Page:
The star show at the Guggenheim Museum in New York right now is a solo exhibition by explosion-happy Chinese artist Cai Guo-Qiang. The show's big centerpiece, snaking all the way up inside the Frank Lloyd Wright spiral, is Seattle Art Museum's Inopportune: Stage One. It looks great in there, and on all the posters and ads for the show.

But wait—the same piece is up at SAM right now. How's that possible? Is the piece editioned?

Last week I ran across this little credit caption under an image of the installation on the Guggenheim's website: "Seattle Art Museum, Gift of Robert M. Arnold, in Honor of the 75th Anniversary of the Seattle Art Museum, 2006. Exhibition copy installed at Solomon R. Guggenheim Museum, New York, 2008."

Now hang on.

I'm imagining that the defense for making an "exhibition copy" is that the work is conceptual. Essentially: The art is an idea that can be executed over and over again, rather than an idea that rests in specific materials—in this case, the white Mercurys and Ford Tauruses and rods of exploding light—themselves. The museum's text describing the piece says as much: "The concept of Inopportune: Stage One has been reconfigured..." (emphasis mine).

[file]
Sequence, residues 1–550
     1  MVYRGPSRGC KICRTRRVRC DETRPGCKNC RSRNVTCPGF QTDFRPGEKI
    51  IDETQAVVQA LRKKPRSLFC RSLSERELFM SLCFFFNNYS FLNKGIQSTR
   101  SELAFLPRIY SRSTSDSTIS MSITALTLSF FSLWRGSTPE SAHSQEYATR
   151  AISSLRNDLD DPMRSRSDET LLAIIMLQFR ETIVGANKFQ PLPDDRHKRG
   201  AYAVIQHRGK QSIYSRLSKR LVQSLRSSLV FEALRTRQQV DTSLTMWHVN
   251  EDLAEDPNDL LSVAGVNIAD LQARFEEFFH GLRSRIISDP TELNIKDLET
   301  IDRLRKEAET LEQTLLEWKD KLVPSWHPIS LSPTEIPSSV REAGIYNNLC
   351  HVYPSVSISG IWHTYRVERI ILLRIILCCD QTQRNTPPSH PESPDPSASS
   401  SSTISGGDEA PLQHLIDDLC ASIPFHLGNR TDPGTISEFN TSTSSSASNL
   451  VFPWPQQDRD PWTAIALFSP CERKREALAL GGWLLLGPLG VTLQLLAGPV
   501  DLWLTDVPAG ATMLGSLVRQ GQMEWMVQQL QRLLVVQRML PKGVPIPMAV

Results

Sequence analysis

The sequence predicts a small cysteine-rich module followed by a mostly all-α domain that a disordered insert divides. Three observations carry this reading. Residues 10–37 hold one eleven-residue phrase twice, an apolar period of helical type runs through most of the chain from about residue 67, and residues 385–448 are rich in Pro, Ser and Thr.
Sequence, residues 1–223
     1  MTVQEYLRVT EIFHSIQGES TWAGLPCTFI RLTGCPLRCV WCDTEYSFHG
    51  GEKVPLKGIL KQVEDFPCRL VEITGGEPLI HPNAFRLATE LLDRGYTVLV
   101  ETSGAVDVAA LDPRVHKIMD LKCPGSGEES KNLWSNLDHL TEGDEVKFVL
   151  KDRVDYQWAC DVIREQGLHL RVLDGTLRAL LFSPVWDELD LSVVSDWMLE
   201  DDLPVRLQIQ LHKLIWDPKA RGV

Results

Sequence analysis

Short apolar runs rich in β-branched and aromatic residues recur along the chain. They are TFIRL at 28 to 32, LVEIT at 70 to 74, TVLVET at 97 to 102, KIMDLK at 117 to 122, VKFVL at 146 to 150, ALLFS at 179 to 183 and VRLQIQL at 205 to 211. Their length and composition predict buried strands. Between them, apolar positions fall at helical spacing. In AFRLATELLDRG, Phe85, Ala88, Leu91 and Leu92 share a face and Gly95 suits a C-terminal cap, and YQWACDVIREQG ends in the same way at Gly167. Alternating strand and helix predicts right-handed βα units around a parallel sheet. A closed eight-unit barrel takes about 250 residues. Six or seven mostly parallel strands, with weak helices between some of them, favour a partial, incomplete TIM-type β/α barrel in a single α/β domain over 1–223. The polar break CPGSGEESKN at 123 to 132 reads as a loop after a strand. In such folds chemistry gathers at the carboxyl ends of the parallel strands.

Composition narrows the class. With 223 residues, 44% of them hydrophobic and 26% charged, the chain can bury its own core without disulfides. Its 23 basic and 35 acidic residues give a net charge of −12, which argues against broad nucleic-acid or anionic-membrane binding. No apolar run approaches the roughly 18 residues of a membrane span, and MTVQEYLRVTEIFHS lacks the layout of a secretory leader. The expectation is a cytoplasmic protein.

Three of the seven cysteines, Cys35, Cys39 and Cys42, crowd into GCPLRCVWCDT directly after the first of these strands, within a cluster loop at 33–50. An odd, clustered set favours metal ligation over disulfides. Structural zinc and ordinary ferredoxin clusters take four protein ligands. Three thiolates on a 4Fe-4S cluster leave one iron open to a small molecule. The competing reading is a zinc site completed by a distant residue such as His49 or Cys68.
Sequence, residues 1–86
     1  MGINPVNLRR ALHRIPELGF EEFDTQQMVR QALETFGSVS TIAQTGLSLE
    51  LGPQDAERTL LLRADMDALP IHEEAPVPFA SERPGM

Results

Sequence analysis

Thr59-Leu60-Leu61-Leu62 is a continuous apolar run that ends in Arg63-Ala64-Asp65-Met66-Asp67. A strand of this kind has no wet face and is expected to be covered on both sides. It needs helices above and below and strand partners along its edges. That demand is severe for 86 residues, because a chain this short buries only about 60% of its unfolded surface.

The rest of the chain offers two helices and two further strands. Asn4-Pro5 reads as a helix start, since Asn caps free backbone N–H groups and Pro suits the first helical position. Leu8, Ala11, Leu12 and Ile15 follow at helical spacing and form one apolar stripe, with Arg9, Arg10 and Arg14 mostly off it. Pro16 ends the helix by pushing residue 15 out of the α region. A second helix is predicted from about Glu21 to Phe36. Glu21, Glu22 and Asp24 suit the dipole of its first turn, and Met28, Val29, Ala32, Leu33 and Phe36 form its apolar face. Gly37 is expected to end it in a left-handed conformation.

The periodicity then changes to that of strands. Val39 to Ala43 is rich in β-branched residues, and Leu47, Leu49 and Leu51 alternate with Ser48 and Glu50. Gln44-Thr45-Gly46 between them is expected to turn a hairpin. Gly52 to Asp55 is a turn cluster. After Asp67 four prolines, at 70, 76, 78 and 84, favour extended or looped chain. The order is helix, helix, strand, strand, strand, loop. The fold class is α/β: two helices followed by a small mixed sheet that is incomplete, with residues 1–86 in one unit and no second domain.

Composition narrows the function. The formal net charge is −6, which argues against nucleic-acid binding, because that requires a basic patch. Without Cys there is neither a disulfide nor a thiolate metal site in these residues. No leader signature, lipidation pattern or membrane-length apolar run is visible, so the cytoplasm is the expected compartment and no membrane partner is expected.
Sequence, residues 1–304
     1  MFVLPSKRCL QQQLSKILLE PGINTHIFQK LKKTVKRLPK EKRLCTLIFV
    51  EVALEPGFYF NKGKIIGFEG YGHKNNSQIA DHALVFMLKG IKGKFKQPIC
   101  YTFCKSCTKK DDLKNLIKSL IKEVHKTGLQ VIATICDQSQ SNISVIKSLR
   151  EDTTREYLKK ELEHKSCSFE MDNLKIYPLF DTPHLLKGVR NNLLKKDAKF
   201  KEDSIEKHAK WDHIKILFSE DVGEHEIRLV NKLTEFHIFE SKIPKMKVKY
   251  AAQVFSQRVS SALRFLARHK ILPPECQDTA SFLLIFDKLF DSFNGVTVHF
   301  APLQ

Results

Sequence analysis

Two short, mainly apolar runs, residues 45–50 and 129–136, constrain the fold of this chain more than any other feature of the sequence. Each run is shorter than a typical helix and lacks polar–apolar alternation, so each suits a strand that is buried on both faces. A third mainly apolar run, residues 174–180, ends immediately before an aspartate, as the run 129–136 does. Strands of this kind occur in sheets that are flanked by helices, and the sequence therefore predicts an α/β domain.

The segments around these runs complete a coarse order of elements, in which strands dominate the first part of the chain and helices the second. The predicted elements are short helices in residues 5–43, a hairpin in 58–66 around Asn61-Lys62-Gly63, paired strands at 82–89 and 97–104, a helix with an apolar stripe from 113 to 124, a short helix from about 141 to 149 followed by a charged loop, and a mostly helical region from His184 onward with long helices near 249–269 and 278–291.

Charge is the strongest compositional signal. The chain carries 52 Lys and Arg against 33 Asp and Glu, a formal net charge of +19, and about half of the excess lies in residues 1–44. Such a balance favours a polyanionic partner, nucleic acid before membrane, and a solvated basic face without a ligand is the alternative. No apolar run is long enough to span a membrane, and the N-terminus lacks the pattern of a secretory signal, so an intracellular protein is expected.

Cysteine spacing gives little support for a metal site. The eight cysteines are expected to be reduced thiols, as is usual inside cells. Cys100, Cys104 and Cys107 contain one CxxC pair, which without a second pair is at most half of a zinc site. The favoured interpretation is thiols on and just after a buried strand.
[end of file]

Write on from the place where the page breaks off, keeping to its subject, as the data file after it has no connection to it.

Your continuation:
But if that's the case, if there is no physical original, then why is this one called a "copy"? And why not make exhibition copies for every work in the show, rather than going to the trouble of gathering together originals? (The recently closed New York nonprofit gallery Triple Candie presented the truly radical, post-art take on this idea with its parade of unauthorized retrospectives made entirely of reproductions.)

More likely than artistic motivations are career-based, logistical, and publicity justifications. The artist and the museum probably wanted the spectacular piece (first created at Mass MOCA) to get a New York audience. That's fine, but let's not confuse it with theoretical reasoning. Sol LeWitt, to my great dismay, is dead, and the practice of artists, galleries, and institutions using conceptualism as an all-purpose cover needs to die, too. recommended